[ Contents of this issue | Other online articles ]

the Body Politic
Vol. 05, No. 03 - March 1995, Page 17
Copyright © 1995, 1998 by the Body Politic Inc.

Bruce Lucero, M.D.: Quit, Die, or Defend

Interview by Anne Bower

People have to realize that our opposition is nihilists. There's no getting along with them. You can't have a Mason/Dixon line where there would be abortions in one part of the city and not others. None of that is acceptable. If they can't stop our actions, they'll stop us in our beings.
During the Connections Conference held in Florida this February, (see pg. 4), Dr. Bruce Lucero shared his philosophy on surviving as an abortion provider in today's society: QUIT, DIE, OR DEFEND. After talking to Dr. Lucero, who is very much alive, it is easy to see he has never been a quitter, especially on the issue of reproductive health care for women.

When Bruce Lucero, originally from Colorado, was doing his residency in pediatrics in Mobile, Alabama, he began moonlighting at the abortion clinic where his former wife was administrator. From working at the Mobile clinic, he branched out to work in Gulfport, Mississippi and in Pensacola at The Ladies Center, the clinic bombed Christmas 1984.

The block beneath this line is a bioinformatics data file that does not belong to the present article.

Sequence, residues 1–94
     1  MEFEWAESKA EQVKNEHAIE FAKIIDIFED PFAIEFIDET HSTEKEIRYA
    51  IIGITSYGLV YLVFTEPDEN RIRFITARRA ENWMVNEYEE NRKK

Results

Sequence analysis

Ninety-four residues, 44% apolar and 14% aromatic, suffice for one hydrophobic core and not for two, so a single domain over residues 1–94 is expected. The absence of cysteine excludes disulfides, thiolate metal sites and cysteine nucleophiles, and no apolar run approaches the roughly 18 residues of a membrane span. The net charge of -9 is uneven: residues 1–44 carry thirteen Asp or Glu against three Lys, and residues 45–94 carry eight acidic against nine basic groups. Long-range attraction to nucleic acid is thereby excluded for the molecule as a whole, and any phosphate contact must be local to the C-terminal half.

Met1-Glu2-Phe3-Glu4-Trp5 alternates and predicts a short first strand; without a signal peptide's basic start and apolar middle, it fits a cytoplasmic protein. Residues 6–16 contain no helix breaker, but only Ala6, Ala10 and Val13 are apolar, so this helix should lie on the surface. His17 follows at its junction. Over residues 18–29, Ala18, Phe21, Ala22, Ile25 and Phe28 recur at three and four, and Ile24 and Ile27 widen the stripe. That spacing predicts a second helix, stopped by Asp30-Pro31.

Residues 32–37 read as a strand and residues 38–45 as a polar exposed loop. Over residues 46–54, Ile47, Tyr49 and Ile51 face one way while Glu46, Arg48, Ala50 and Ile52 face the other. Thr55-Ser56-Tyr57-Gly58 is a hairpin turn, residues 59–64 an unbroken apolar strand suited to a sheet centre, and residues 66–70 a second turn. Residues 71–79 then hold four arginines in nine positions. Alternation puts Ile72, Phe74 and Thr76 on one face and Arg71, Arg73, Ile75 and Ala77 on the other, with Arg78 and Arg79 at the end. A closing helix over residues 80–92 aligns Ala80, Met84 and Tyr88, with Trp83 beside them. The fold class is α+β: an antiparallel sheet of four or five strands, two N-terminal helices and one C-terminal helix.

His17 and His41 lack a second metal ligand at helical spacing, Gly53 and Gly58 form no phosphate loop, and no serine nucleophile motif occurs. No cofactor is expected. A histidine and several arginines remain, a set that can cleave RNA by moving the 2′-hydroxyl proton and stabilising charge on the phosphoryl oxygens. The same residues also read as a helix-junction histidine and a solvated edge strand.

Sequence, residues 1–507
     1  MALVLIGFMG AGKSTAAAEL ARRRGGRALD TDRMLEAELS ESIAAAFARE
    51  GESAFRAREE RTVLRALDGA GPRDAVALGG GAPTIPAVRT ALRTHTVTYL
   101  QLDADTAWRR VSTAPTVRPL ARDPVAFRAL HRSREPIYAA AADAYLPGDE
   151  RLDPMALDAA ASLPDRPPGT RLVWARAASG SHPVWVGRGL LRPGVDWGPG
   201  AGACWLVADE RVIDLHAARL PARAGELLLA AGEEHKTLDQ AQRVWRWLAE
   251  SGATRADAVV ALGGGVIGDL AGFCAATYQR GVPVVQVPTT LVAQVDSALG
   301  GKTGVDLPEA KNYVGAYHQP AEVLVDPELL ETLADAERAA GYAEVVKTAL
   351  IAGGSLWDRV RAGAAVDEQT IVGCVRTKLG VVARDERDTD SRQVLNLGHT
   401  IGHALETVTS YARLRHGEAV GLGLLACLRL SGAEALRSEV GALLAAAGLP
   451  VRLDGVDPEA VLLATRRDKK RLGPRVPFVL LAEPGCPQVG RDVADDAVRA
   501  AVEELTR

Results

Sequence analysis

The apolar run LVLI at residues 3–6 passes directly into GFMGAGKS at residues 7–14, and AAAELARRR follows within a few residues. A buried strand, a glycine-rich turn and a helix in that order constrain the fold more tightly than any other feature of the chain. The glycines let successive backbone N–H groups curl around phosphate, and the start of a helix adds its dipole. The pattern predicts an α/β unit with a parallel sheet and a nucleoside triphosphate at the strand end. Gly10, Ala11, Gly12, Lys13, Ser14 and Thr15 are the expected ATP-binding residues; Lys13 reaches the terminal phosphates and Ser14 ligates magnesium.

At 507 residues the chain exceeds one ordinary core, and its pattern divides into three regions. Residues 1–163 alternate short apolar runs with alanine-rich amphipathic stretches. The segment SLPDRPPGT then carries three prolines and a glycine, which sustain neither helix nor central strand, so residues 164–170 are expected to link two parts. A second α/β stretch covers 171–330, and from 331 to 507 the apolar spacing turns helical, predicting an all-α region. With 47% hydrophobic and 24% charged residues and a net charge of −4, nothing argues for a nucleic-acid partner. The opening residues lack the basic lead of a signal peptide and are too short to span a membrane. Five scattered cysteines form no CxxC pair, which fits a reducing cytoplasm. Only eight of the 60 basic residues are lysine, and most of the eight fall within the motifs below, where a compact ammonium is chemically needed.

Toward the end of his residency in Mobile, the President of the University told Dr. Lucero's department chairman that the doctor could no longer work at an abortion clinic. With a little chuckle, Dr. Lucero relates how he told his chairman he had obligations to his family, the clinics, and his patients at the hospital and he wasn't going to quit any of it. "The problem is yours." The Pediatrics Department had a meeting and after being assured that Dr. Lucero was determined to continue work, and that he often had dinner with prominent lawyers, the department decided the doctor could keep his "night job". In Dr. Lucero's words, "we went eye to eye and they blinked."

Dr. Lucero was able to complete his program and by 1986 he had established the New Woman Health Center in Birmingham where he still performs abortions today. The last 10 years have seen no diminution in protests or attacks on providers. As Dr. Lucero says in the following interview, his friends are being killed. However, he has no intention of letting the zealots win, and is fighting them on a number of fronts, including legal.